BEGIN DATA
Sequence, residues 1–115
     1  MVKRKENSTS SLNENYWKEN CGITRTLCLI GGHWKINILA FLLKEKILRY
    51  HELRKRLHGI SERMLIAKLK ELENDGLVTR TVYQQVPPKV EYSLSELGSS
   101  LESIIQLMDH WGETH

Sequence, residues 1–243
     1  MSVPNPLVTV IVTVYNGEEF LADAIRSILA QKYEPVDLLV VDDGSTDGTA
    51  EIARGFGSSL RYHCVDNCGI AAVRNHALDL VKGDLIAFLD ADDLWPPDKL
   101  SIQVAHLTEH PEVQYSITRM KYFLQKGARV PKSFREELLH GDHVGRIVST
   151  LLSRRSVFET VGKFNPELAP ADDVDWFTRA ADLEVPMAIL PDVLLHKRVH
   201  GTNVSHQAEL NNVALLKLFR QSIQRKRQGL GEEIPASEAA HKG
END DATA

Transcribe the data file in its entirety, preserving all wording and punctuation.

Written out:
Sequence, residues 1–115
     1  MVKRKENSTS SLNENYWKEN CGITRTLCLI GGHWKINILA FLLKEKILRY
    51  HELRKRLHGI SERMLIAKLK ELENDGLVTR TVYQQVPPKV EYSLSELGSS
   101  LESIIQLMDH WGETH

Sequence, residues 1–243
     1  MSVPNPLVTV IVTVYNGEEF LADAIRSILA QKYEPVDLLV VDDGSTDGTA
    51  EIARGFGSSL RYHCVDNCGI AAVRNHALDL VKGDLIAFLD ADDLWPPDKL
   101  SIQVAHLTEH PEVQYSITRM KYFLQKGARV PKSFREELLH GDHVGRIVST
   151  LLSRRSVFET VGKFNPELAP ADDVDWFTRA ADLEVPMAIL PDVLLHKRVH
   201  GTNVSHQAEL NNVALLKLFR QSIQRKRQGL GEEIPASEAA HKG